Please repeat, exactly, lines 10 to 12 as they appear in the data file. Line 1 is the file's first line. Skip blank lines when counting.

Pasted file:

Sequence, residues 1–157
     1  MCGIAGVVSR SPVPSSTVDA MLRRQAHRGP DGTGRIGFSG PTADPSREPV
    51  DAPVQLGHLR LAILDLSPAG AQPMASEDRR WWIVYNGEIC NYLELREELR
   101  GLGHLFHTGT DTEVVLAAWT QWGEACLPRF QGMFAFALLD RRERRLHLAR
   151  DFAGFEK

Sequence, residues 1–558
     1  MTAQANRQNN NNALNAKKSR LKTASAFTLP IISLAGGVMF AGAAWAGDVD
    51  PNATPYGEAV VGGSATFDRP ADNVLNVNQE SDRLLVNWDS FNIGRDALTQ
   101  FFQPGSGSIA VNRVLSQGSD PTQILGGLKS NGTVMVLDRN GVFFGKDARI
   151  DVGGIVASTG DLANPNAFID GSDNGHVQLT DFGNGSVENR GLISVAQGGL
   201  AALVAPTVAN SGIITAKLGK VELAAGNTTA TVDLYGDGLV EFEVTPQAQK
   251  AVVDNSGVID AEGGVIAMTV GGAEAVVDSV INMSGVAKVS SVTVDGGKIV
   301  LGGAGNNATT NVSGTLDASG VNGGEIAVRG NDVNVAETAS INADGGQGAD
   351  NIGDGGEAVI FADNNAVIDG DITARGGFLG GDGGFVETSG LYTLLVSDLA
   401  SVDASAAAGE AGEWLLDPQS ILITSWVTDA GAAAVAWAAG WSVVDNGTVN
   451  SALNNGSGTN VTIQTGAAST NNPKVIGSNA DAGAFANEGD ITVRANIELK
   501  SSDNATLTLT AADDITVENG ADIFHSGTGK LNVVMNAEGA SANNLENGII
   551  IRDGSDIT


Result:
   151  DVGGIVASTG DLANPNAFID GSDNGHVQLT DFGNGSVENR GLISVAQGGL
   201  AALVAPTVAN SGIITAKLGK VELAAGNTTA TVDLYGDGLV EFEVTPQAQK
   251  AVVDNSGVID AEGGVIAMTV GGAEAVVDSV INMSGVAKVS SVTVDGGKIV